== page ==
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John Hancock layoffs prompt BAA to take over managing elite athletes for Boston Marathon

Lawrence Cherono (left) won the 2019 Boston Marathon, finishing just ahead of Lelisa Desisa.John Tlumacki/Globe Staff

A round of layoffs at John Hancock on Tuesday has led the financial firm to hand over the responsibility of managing the elite athlete field at the Boston Marathon to the event’s organizer, the Boston Athletic Association.

The arrangement was unorthodox to begin with, as most major marathon organizers — not their sponsors — are responsible for all the logistics and details involved with recruiting top marathoners to a race.

Tom Grilk, chief executive officer of the BAA, said John Hancock “did the BAA a series of great favors” when it infused money and assumed assorted responsibilities when it began sponsoring the race in the mid-1980s.


“We now have a more robust organization that can do more, and it makes sense to connect those activities that are closest together,” Grilk said Wednesday morning. “Since we deal with everything having to do with all the other athletes, it just made sense to combine all of that in one set of hands, ours.”

Approximately 160 John Hancock employees were let go Tuesday. Among them was Mary Kate Shea, the longtime event liaison for runners at the company.

Grilk said he hopes Shea will be able to maintain the same responsibilities working with the BAA.

“We’ve all felt like colleagues for a long time, just as we feel we are with John Hancock, and I expect we’ll be able to work a smooth transition,” said Grilk.

The BAA also will take over credentialing responsibilities for workers, volunteers, visitors, guests, and media from John Hancock, said Grilk.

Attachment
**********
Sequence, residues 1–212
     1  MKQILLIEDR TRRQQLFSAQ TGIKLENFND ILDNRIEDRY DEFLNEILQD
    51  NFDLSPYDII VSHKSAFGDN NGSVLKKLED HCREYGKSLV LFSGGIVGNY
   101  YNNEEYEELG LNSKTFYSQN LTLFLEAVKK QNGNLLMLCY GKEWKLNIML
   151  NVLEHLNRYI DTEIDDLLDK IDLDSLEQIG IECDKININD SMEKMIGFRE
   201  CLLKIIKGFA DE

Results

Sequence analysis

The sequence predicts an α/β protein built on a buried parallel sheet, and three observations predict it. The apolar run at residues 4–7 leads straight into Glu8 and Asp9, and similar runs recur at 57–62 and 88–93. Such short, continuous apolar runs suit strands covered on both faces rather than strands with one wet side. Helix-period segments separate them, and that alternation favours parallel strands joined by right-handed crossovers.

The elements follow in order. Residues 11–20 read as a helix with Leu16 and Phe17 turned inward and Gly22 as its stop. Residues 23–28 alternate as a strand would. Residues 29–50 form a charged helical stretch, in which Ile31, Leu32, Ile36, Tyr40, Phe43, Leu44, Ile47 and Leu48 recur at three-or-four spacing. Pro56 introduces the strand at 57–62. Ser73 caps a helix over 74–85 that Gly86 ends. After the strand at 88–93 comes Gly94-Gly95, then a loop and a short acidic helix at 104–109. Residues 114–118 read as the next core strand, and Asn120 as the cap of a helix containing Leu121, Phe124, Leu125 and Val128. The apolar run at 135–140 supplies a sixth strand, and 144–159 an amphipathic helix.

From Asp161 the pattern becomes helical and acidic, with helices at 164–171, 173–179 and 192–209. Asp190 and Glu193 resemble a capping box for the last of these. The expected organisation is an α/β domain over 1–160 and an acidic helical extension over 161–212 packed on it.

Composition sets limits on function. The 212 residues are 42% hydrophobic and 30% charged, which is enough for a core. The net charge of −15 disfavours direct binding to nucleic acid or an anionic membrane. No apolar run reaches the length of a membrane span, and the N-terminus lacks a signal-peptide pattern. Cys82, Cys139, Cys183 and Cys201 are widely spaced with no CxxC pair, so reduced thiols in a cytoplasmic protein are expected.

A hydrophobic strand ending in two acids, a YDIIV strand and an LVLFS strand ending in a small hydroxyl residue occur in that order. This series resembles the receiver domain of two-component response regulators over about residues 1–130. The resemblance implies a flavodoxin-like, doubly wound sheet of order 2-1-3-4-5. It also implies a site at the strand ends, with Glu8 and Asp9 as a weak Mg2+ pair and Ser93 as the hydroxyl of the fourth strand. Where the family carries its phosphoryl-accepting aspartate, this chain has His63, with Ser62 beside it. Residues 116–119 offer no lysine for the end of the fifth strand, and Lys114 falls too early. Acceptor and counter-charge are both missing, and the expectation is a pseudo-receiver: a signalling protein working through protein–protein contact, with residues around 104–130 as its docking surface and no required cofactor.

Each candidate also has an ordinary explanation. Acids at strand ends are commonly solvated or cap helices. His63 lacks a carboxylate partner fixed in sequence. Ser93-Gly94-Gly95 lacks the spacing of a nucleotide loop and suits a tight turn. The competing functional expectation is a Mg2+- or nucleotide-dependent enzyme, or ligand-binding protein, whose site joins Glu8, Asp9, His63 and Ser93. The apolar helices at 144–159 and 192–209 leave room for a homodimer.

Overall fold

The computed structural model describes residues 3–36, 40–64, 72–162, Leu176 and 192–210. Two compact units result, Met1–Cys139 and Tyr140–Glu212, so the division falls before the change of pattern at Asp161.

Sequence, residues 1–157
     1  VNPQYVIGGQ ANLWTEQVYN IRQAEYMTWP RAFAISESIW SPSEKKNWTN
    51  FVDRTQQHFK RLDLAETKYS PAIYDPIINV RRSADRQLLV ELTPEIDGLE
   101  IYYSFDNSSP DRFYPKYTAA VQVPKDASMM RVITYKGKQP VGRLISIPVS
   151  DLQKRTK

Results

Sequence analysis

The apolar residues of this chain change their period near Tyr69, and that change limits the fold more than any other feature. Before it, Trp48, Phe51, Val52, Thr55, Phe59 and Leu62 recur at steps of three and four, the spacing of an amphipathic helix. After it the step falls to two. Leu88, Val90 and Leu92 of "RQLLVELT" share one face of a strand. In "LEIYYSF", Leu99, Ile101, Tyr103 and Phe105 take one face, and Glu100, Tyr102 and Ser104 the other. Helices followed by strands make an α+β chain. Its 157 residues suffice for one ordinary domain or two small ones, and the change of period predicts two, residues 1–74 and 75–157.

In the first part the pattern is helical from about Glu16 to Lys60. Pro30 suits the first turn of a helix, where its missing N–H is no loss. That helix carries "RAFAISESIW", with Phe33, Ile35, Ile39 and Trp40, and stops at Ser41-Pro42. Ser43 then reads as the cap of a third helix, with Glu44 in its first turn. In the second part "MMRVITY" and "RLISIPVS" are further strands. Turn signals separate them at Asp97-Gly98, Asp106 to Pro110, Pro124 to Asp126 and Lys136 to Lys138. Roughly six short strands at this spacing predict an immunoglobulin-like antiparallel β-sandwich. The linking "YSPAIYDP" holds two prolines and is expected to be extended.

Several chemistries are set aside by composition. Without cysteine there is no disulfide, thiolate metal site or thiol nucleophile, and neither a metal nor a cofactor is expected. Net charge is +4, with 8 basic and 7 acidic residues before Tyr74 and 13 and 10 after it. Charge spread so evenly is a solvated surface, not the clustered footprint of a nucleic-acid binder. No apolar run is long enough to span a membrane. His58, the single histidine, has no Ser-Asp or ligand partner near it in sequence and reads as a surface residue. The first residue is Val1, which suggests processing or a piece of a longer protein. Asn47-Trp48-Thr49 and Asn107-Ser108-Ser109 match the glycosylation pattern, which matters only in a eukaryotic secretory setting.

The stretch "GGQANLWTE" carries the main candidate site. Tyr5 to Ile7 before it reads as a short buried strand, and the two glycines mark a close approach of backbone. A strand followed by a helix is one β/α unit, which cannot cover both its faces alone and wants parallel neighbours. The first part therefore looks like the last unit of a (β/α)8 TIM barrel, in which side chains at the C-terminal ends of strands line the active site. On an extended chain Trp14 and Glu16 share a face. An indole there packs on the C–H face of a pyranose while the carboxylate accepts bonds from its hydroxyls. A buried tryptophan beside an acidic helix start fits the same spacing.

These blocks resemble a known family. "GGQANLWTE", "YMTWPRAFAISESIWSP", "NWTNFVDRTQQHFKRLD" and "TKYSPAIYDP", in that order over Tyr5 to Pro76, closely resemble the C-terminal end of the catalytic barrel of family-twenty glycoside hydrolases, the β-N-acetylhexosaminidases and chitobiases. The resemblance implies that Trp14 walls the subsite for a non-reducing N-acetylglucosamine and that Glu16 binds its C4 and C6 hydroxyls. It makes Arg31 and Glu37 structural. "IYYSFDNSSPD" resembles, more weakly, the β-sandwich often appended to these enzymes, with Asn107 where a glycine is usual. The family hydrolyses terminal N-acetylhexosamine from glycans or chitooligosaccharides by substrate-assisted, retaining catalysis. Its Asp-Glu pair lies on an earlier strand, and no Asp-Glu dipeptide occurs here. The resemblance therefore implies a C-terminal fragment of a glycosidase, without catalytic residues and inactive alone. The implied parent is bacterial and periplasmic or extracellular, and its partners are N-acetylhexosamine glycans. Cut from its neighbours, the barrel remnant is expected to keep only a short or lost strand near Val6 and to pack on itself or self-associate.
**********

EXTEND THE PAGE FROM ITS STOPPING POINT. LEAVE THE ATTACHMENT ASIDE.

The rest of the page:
“John Hancock continues to be the principal sponsor of the Boston Marathon and we are proud to partner with the BAA to work toward a 2021 Boston Marathon this fall so we can collectively share what is great about this race for our city,” said Anne McNally, head of communications at John Hancock.


The elite men break from the start of the 123rd Boston Marathon in 2019.Stew Milne/Associated Press

“We have worked with the BAA to move to a more traditional sponsorship model, whereby the race organizer manages the professional athlete field.”

If the pandemic eases enough for Massachusetts to lift its current restrictions on road races, the 125th running of the marathon will take place Oct. 11. The event was canceled for the first time last year because of the pandemic.

The race, from Hopkinton to the Back Bay, finishes on Boylston Street, in the shadow of the John Hancock skyscraper.

John Hancock’s other major sports sponsorship is with the Red Sox, with the iconic “John Hancock” signature perched atop the center-field videoboard at Fenway Park. The company’s sponsorship arrangement with the Red Sox is not changing.

Neither the BAA nor John Hancock would comment on any terms of the marathon sponsorship arrangement, which extends through at least the 2022 race.

John Hancock’s sponsorship of the Boston Marathon began in 1986 with a reported 10-year, $10 million deal. When the sponsorship began, so did prize money for the race.

According to the BAA, runners have received in excess of $20 million over the last 34 years. Only runners in the elite divisions of the Open, Masters, and Wheelchair divisions are eligible for the prize money. This year, the guaranteed prize money will total $868,000, split evenly between men and women in each division. A first-place finish in the Open Division is worth $150,000; in the Wheelchair, $25,000; and in the Masters, $10,000.


John Hancock was purchased by Canadian-based Manulife in 2004 and employs approximately 5,000 employees in the United States.

Its primary offices are in Boston, Westwood, and Portsmouth, N.H.

Regarding the layoffs, McNally said, “As we continue our efforts to become a digital, customer leader, we have embraced a new operating model that will evolve the way we work as a team. These changes are being made to help us grow our business in a disciplined way, operate with speed, agility and efficiency, and deliver a better customer experience. As we shift what we focus on and how we work, we will need fewer team members in several areas, and this means some of our colleagues will be leaving John Hancock.”

Jon Chesto and Larry Edelman of the Globe staff contributed to this report.

Michael Silverman can be reached at michael.silverman@globe.com.